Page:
11 669-5ch01.fm Page 11 Friday, April 12, :01 PM Network Protocols 11 Ethernet s MTU is especially significant because it determines whether an IP datagram carried by Ethernet needs fragmenting. See Chapter 5 for further information. EXAM NOTES KEY LEARNING POINTS The Network Interface layer MTU determines the maximum number of bytes carried in a single frame. Ethernet is a Network Interface layer technology. Network Interface layer technologies have MTUs of various sizes. Physical Layer (1) This layer at the base of the stack identifies the LAN transmission media, typically fiberoptic or wire-based media. This layer concerns the transmission of bits across a physical media with very little interpretation of the data. Chapter 3 examines the copper wire and fiberoptic-based media used by Ethernet, FDDI, and ATM in greater detail. So far, we have examined the network protocols in the context of a network model. The ensuing discussion of the most important network protocols reveals their features and provides a foundation for chapters that follow. 1.3 Network Protocols This section is a brief introduction to TCP, UDP, IP, and ICMP. First, we briefly examine the two transport protocols, TCP and UDP, and then take a cursory look at IP and ICMP.

12 669-5ch01.fm Page 12 Friday, April 12, :01 PM 12 Chapter 1 Network Models and Protocols Transport Layer Protocols: TCP and UDP We briefly mentioned the TCP and UDP protocols in the context of the TCP/IP model described earlier in this chapter. We now examine the Transport layer in greater detail. The Transport layer offers either a high-overhead, guaranteed, connection-oriented transport service such as that offered by TCP, or a low-overhead, connectionless, nonguaranteed service such as the one offered by UDP. See Chapter 7 for more information about the Transport layer protocols and Chapters 5 and 13 for details about the IP protocols (IPv4, IPv6) that route the Transport protocols data. Transmission Control Protocol (TCP) TCP provides a connection-oriented, guaranteed, reliable transport service. TCP has significant overhead because every byte of transmitted data is both acknowledged and sequenced by both ends of the connection. The data itself is delivered in one or more segments, which are TCP s basic units of data. In addition, TCP establishes a connection at the Transport layer, which must be formed before transmission of client data may occur over the Transport layer. Although TCP guarantees data delivery, it must be remembered that TCP is routed over IP and therefore uses the same underlying packet-based routing service as UDP namely, IP, which is not guaranteed. Both TCP and UDP use IP to route their data, but they impose different levels of reliability and overhead as determined by their own specifications as Transport layer protocols. TCP extensively monitors the quality of data sent and received, whereas UDP has only a simple checksum error checking method, which is often turned off and therefore ignored. The cost of TCP reliability, as just stated, is significant overhead. The TCP protocol sends a sequenced (numbered) byte stream of segmented data. The sequence numbering of bytes ensures that the destination TCP protocol at the receiving end orders the data stream correctly. Unfragmented IP datagrams that arrive in the wrong order (which have encapsulated TCP segments) are simply passed up the stack to TCP, which ensures that the data is delivered to the application in the correct order. Fragmented IP datagrams, on the other hand, are reassembled by IP itself before being passed to TCP based on fragment offset information stored in the IP header. Some example TCP client applications are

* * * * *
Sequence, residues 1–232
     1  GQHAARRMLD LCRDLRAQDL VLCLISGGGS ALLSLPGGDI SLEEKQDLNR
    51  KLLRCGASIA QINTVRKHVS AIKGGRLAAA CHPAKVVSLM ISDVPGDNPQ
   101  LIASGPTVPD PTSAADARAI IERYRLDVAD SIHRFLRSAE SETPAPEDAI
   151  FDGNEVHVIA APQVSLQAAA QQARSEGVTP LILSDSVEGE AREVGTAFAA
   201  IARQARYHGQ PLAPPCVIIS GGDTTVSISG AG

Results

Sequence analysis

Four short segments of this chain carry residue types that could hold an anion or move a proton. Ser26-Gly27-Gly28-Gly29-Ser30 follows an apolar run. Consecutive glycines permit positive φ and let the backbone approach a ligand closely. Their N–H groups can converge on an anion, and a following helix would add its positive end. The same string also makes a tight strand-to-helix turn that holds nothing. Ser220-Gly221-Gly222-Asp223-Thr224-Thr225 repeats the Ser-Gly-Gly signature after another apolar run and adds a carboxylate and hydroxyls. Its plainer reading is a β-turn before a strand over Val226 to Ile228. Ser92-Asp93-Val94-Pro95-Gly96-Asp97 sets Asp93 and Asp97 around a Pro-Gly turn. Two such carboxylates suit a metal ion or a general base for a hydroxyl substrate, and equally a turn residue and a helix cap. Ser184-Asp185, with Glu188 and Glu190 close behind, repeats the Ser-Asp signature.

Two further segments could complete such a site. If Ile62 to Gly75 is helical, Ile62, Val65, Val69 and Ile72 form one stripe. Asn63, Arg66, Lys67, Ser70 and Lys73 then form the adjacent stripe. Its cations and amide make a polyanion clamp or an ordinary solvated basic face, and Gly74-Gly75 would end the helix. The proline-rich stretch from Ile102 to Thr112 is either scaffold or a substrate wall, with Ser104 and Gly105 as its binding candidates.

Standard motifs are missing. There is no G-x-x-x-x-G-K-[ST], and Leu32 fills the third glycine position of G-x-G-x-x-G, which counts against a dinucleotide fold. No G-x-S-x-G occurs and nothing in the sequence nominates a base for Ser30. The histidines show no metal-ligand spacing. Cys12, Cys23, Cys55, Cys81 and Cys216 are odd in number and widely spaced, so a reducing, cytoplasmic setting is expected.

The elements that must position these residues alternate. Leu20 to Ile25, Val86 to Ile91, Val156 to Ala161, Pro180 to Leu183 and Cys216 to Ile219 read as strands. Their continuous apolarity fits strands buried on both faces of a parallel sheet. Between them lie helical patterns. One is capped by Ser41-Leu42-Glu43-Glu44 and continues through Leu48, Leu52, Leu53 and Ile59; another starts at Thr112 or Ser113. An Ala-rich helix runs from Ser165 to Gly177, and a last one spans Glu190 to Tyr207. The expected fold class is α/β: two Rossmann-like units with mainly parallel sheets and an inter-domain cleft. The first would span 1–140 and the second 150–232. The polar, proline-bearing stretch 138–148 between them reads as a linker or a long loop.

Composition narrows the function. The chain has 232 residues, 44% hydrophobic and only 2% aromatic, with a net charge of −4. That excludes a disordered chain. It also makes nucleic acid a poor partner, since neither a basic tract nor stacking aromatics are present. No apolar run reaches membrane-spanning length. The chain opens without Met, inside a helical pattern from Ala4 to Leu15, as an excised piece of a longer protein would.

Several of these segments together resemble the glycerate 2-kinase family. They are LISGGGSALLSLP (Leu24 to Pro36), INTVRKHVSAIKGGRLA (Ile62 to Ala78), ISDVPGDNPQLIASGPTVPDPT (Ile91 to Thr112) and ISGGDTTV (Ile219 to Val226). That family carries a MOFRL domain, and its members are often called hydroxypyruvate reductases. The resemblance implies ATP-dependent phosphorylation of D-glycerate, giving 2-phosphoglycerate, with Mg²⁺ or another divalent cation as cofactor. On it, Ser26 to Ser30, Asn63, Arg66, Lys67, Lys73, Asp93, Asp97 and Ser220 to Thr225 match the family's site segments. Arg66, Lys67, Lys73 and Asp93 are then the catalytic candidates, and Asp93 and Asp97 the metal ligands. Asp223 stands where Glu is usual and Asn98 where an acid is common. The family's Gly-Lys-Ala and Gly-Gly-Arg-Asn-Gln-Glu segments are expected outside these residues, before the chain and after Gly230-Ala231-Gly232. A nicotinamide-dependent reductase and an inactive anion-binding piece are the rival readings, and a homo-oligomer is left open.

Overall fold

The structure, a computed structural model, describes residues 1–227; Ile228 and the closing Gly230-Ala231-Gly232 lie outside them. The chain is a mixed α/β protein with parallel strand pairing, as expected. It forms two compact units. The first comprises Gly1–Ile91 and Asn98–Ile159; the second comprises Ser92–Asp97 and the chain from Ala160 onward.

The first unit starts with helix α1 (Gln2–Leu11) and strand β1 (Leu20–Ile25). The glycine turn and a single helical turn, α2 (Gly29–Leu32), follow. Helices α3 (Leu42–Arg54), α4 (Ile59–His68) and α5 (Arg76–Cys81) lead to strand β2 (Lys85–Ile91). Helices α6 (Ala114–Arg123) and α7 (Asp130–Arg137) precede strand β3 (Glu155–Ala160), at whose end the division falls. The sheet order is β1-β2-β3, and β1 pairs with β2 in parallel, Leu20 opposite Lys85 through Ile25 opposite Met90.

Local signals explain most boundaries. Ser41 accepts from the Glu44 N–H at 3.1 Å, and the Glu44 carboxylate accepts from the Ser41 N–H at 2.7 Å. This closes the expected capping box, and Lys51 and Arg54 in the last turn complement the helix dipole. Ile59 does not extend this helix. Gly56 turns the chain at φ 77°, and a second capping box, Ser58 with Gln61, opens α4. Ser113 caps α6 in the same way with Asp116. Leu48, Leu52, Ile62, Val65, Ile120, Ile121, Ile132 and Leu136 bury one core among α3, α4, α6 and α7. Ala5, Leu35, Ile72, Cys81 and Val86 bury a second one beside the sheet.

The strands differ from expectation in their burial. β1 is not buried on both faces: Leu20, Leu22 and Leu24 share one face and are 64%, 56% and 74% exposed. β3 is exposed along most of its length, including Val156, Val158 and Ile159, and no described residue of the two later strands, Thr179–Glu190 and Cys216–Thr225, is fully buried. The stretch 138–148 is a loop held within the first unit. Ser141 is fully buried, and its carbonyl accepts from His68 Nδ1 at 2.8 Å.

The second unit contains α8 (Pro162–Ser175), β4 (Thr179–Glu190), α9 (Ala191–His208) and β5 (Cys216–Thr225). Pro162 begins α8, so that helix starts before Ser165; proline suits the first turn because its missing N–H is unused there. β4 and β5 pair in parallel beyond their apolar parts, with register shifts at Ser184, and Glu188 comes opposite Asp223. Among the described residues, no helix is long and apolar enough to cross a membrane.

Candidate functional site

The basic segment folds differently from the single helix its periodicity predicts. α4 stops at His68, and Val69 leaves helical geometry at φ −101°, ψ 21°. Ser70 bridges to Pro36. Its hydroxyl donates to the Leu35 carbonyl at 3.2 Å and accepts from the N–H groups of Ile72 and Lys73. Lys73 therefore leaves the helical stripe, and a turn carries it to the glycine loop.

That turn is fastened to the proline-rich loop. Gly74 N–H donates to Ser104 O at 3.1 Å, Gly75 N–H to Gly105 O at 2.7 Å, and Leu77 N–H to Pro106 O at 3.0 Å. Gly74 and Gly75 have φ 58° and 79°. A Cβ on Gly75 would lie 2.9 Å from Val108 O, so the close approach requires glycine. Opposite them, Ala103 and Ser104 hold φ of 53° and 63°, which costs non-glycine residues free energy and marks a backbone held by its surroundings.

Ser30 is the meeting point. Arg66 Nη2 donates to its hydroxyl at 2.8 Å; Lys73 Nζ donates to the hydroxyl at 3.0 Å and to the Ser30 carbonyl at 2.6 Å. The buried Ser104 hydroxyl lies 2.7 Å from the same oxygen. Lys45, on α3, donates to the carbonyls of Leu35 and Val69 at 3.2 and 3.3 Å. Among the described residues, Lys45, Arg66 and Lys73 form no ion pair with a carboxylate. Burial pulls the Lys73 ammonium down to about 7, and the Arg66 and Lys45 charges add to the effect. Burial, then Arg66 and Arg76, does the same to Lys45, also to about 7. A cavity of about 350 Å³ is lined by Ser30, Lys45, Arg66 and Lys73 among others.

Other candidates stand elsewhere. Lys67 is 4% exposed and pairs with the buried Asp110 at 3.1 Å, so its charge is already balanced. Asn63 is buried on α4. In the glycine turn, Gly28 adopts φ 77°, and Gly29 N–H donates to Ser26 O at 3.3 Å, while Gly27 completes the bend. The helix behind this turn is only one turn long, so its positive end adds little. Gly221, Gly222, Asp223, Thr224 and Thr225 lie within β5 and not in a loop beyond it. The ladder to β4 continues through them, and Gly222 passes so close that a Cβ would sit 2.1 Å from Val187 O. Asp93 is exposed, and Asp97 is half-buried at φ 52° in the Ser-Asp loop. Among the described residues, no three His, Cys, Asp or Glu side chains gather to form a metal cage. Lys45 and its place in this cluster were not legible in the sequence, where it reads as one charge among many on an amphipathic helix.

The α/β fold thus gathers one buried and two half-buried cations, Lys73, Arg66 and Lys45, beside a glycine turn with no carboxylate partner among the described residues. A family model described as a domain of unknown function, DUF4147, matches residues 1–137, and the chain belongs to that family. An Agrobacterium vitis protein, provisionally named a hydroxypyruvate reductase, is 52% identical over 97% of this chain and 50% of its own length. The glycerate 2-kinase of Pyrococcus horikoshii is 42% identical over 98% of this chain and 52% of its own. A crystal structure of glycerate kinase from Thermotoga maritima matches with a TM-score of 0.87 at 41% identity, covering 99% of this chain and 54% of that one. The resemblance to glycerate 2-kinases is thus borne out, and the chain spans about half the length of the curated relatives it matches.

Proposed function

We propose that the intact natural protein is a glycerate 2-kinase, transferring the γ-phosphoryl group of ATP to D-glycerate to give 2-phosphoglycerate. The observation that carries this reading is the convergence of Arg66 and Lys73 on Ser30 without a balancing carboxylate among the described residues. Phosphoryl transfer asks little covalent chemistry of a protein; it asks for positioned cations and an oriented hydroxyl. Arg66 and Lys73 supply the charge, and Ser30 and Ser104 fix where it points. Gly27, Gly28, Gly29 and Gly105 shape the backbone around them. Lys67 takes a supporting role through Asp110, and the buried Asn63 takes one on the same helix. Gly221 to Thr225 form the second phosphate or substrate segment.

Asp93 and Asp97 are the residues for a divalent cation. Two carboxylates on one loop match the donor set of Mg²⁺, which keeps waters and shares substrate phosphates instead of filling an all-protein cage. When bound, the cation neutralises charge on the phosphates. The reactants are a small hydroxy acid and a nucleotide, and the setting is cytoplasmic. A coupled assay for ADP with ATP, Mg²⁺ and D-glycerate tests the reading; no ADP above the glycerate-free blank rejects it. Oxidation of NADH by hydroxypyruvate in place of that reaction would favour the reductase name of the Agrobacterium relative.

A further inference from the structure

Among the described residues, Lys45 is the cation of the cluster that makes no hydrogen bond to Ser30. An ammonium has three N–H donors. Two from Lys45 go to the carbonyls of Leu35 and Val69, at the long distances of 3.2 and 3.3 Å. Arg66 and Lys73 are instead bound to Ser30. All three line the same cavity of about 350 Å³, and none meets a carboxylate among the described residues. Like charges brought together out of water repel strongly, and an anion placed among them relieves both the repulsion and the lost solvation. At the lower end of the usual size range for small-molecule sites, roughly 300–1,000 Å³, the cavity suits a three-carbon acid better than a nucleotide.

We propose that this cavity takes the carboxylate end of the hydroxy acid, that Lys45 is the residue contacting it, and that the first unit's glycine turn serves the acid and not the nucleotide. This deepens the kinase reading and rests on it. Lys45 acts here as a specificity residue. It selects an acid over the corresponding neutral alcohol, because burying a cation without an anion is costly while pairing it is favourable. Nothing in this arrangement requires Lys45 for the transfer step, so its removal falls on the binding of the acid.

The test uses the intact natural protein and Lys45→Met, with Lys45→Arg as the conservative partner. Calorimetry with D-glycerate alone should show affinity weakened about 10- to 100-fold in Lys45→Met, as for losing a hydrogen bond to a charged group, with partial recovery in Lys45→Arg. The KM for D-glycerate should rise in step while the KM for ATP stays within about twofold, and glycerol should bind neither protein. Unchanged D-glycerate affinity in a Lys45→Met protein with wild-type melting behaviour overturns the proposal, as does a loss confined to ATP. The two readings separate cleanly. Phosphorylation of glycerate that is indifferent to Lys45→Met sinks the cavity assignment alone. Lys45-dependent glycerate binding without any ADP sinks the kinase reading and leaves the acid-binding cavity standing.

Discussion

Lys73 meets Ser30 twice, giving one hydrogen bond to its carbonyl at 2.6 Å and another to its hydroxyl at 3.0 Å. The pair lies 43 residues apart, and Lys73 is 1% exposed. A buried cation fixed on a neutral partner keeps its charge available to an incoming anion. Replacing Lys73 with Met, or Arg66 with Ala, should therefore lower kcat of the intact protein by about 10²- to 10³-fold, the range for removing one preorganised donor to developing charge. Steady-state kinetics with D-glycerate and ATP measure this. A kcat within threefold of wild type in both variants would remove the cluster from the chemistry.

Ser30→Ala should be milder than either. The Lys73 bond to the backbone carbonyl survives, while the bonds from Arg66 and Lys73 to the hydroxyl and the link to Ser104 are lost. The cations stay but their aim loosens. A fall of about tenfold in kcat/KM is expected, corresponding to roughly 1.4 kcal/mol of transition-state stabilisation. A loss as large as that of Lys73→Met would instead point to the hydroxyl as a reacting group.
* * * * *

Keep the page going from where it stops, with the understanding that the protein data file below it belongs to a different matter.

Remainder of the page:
13 669-5ch01.fm Page 13 Friday, April 12, :01 PM Network Protocols 13 telnet, ftp, and sendmail, all of which require a guaranteed delivery service and therefore use TCP rather than UDP. EXAM NOTES KEY LEARNING POINTS TCP is a connection-oriented protocol. The segment is the TCP unit of data. TCP is a Transport layer protocol. TCP is encapsulated and routed by IP. TCP is said to offer a guaranteed, reliable, connection-oriented service that creates significant overhead. Essentially, if data security must be guaranteed, TCP is a better choice than UDP, although more expensive in terms of both the amount of control data transmitted and the control overhead incurred. Chapter 7 examines the TCP protocol in greater detail. User Datagram Protocol (UDP) UDP is a connectionless transport protocol, which means that no connection is established at the Transport layer prior to data being sent between client and server applications. Some applications for example, a router propagating routing information every 30 seconds can afford to lose an occasional data packet. Routing clients that miss the occasional routing table update do not usually suffer adverse effects. The Routing Information Protocol (RIP) uses UDP. DNS queries also use UDP, as speed is more important than reliability for this application. UDP applications tend to send small packets that can be transported in a single UDP datagram. UDP has an optional checksum error check, which introduces minimal overhead and is usually turned off. To check the UDP checksum variable (udp_do_checksum) under Solaris 8 use ndd: # ndd get /dev/udp udp_do_checksum 0